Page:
GenAI is on the precipice of breaking new ground in regulatory intelligence; making strategists more efficient by alleviating challenges, streamlining regulatory research and submission processes.
Large Language Models (LLMs) are the foundation behind GenAI and have become the topic of the year in 2023. In the Healthcare and Life Sciences sectors, it’s been a game changer for advancing new medicines and ushering in a new renaissance in the pharmaceutical industry. While traditional AI was used to speed the development of the lifesaving COVID-19 vaccine1, GenAI is having an impact on many other areas across the R&D and Commercialization value chains. It is now on the precipice of breaking new ground in regulatory intelligence. A McKinsey report2 suggests that GenAI could unlock a potential value of about 2.6 to 4.5% of revenues ($60 billion to $110 billion) annually in the pharmaceutical and medical product industry.
Historically, regulatory strategists and submission managers kept abreast of global regulatory guidelines and changes by searching Health Authority websites or scanning subscription databases. These professionals spend significant time and effort researching and summarizing regulatory guidelines and changes to understand and define regulatory pathways and strategies to prepare submissions in compliance with health authority regulations. Can GenAI alleviate these challenges by reducing manual effort and automating and streamlining regulatory research and submission processes, making them more productive and efficient?
Our team explored the current state of LLM models for regulatory use cases. We focused on supporting regulatory intelligence needs through Orion’s RegIntel Chatbot, which uses GenAI to provide an interactive interface to query global health regulations for decision support. Our initiative aimed to find potential productivity improvements around the search and retrieval of regulatory guidelines to speed up the filing and submission processes.
We gathered 100 regulatory guidelines and position papers from eight health authorities globally and ingested them into Orion’s RegIntel Chatbot for assessment, restricting access to external sources and websites. The idea was to restrict the assessment to only these 100 documents in the storage repository. 100 questions were posed, and the resulting responses were evaluated for accuracy on a six-point scale. Examples of the questions asked included: What are the requirements for registering a new drug application in Singapore? List the FDA’s criteria for clinical trial protocol design to encourage diversity in clinical trials. Create a detailed checklist for licensing healthcare facilities in Bahrain, and so on.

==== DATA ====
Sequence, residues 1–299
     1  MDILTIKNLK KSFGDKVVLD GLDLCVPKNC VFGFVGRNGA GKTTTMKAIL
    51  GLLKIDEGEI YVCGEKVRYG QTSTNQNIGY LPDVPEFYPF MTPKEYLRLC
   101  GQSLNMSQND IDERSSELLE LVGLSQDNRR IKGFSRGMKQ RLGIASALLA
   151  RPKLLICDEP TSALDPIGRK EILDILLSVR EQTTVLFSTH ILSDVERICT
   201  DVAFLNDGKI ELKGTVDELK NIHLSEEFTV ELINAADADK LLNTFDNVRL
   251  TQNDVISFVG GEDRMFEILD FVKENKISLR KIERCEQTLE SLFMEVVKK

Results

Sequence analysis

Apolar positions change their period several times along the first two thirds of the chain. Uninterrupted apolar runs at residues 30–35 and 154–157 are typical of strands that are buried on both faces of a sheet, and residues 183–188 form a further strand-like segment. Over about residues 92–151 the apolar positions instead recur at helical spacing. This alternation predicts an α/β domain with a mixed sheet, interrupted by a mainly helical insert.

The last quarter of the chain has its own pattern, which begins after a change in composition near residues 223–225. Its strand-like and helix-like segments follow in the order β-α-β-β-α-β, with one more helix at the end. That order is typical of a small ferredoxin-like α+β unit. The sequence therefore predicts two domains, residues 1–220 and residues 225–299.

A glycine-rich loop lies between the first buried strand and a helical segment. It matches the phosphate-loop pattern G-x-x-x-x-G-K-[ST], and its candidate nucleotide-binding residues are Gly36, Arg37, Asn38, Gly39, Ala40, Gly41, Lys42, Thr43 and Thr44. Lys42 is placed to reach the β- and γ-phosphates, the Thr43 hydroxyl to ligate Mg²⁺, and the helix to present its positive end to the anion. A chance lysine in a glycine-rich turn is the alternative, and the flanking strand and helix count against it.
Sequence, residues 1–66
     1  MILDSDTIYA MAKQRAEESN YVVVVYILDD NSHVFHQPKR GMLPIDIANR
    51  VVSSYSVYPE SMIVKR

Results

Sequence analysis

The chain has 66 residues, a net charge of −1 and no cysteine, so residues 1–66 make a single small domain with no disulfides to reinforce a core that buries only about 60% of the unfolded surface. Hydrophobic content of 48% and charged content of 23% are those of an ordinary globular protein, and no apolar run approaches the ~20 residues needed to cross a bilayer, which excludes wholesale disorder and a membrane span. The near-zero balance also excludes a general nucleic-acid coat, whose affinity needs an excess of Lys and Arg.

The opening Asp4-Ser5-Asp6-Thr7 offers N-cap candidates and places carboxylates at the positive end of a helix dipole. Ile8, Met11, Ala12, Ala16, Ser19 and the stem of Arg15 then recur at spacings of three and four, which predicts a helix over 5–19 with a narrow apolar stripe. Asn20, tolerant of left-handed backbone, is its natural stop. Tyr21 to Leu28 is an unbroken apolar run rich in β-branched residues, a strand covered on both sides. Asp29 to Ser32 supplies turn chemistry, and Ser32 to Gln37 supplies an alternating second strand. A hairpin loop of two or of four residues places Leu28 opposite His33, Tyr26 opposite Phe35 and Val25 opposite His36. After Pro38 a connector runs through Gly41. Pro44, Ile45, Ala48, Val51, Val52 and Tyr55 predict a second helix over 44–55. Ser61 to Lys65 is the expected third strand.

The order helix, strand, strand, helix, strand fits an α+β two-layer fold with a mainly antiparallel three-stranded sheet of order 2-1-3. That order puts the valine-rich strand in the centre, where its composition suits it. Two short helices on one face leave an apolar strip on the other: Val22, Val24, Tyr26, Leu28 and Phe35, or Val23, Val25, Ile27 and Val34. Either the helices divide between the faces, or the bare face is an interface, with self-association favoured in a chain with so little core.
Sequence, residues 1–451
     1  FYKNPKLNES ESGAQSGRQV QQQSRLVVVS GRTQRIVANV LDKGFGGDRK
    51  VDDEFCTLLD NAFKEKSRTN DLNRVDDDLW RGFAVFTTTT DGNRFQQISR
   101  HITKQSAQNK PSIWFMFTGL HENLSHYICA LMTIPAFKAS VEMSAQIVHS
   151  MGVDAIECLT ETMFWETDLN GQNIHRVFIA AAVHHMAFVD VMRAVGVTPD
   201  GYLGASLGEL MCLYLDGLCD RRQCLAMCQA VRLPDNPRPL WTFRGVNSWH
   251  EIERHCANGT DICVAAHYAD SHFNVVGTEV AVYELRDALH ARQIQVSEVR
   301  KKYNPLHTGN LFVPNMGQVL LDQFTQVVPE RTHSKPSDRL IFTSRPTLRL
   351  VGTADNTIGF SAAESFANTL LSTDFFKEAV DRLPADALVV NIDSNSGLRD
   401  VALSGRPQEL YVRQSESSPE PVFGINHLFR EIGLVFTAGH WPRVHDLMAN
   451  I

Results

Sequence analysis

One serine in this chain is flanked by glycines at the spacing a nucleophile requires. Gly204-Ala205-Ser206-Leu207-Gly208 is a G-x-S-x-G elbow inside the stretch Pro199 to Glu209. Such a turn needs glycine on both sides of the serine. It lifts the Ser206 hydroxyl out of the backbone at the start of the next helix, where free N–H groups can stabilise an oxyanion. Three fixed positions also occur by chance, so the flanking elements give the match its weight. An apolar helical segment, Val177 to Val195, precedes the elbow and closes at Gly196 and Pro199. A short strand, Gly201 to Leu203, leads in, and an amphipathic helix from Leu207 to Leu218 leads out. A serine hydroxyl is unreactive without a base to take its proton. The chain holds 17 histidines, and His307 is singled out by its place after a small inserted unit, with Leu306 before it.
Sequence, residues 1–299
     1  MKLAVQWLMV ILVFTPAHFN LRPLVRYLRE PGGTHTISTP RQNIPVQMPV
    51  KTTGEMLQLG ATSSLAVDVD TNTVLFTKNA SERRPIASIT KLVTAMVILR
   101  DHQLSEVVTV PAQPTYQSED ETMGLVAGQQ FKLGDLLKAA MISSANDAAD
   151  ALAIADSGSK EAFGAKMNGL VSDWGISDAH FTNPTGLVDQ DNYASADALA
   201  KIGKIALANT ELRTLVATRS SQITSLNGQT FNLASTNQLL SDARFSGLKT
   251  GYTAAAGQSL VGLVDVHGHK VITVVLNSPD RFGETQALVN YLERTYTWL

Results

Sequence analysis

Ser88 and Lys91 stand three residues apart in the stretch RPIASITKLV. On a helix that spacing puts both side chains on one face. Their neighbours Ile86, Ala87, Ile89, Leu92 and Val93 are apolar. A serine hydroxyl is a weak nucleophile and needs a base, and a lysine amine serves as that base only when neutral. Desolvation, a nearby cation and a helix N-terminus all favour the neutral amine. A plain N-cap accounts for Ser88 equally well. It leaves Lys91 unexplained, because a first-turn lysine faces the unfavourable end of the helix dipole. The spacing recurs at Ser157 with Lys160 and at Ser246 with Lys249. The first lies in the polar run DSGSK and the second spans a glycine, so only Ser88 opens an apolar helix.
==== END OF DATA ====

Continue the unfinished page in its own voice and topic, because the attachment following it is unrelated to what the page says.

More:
Approximately 77% of responses were deemed accurate or closely aligned with the original source documents, marking a substantial improvement in productivity. Approximately 21% of responses were entirely off base. Less than 2% of the questions had no responses, a preferred outcome compared to generating “hallucinations.” A hallucination is when a GenAI model generates inaccurate information as if it were correct. Hallucinations are often caused by limitations or biases in training data and algorithms and can produce wrong or harmful content.
While 77% accuracy significantly improves productivity gains, it is crucial that a human subject matter expert is in the loop to ensure that the generated content is reviewed for accuracy and relevance to the underlying business needs. The ability to validate responses and ensure accuracy becomes challenging when dealing with millions of documents and variations in responses. Regulatory professionals need to be aware of response variations, even in consecutive runs of the same query. As more enterprises adopt GenAI for regulatory intelligence and other purposes, ensuring explainability, referenceability, and repeatability becomes a priority, potentially offsetting the efficiency gains in terms of search, retrieval, and summarization.
Our GenAI experiment generated largely accurate information to the natural language queries on a limited set of regulatory guidance documents from health authorities across the globe. However, based on our observations around explainability, repeatability, and referenceability, it’s clear the industry cannot rely solely on LLM output in terms of summaries or responses to queries related to regulatory intelligence. Instead, LLMs can serve as co-pilots assisting in the search, retrieval, and summarization of regulatory guidelines, requiring human oversight for validating and refining the generated content. As GenAI takes flight in the healthcare, life sciences, and pharma industries, the role of LLMs as co-pilots becomes paramount. Ensuring a balance between automation and human expertise will be crucial in leveraging the full potential of Gen AI in regulatory intelligence.
Venkatraman “Bala” Balasubramanian, PhD, Senior VP and Global Head of HLS, Orion Innovation